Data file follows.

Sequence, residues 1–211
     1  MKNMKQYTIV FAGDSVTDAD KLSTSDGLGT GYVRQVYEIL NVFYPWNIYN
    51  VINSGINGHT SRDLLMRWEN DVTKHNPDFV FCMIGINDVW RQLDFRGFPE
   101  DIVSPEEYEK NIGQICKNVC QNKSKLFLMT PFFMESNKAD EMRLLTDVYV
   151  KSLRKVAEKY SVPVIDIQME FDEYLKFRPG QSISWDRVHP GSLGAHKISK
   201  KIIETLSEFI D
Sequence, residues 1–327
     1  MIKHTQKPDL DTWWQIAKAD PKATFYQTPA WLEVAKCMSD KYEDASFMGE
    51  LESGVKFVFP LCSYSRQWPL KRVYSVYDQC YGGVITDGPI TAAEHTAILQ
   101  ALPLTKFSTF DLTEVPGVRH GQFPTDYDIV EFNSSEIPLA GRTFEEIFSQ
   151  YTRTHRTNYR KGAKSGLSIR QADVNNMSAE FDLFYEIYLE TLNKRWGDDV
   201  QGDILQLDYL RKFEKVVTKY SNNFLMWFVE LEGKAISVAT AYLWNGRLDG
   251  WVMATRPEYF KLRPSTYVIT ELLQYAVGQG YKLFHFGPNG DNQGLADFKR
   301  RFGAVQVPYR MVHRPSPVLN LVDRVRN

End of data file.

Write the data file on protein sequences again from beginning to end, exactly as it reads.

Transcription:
Sequence, residues 1–211
     1  MKNMKQYTIV FAGDSVTDAD KLSTSDGLGT GYVRQVYEIL NVFYPWNIYN
    51  VINSGINGHT SRDLLMRWEN DVTKHNPDFV FCMIGINDVW RQLDFRGFPE
   101  DIVSPEEYEK NIGQICKNVC QNKSKLFLMT PFFMESNKAD EMRLLTDVYV
   151  KSLRKVAEKY SVPVIDIQME FDEYLKFRPG QSISWDRVHP GSLGAHKISK
   201  KIIETLSEFI D
Sequence, residues 1–327
     1  MIKHTQKPDL DTWWQIAKAD PKATFYQTPA WLEVAKCMSD KYEDASFMGE
    51  LESGVKFVFP LCSYSRQWPL KRVYSVYDQC YGGVITDGPI TAAEHTAILQ
   101  ALPLTKFSTF DLTEVPGVRH GQFPTDYDIV EFNSSEIPLA GRTFEEIFSQ
   151  YTRTHRTNYR KGAKSGLSIR QADVNNMSAE FDLFYEIYLE TLNKRWGDDV
   201  QGDILQLDYL RKFEKVVTKY SNNFLMWFVE LEGKAISVAT AYLWNGRLDG
   251  WVMATRPEYF KLRPSTYVIT ELLQYAVGQG YKLFHFGPNG DNQGLADFKR
   301  RFGAVQVPYR MVHRPSPVLN LVDRVRN